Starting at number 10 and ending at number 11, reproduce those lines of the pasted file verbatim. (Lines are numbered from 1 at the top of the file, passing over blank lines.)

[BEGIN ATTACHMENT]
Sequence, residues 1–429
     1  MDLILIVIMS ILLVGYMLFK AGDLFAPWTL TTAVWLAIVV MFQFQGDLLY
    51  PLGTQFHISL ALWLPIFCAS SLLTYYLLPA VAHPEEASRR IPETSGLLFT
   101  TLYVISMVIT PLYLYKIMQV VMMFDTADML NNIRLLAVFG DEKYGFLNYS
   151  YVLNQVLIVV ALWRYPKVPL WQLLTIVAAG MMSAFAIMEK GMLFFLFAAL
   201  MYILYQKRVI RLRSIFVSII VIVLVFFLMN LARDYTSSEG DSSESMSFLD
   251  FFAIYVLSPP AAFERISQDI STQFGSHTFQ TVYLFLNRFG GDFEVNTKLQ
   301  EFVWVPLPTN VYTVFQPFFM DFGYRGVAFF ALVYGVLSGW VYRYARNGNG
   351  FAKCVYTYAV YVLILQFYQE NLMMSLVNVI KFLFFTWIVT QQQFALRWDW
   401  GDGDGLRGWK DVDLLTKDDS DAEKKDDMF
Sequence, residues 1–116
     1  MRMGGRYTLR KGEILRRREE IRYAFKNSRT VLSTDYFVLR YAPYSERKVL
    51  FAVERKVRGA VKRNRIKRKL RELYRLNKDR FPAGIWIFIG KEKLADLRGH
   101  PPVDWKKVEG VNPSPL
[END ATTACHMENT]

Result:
   401  GDGDGLRGWK DVDLLTKDDS DAEKKDDMF
Sequence, residues 1–116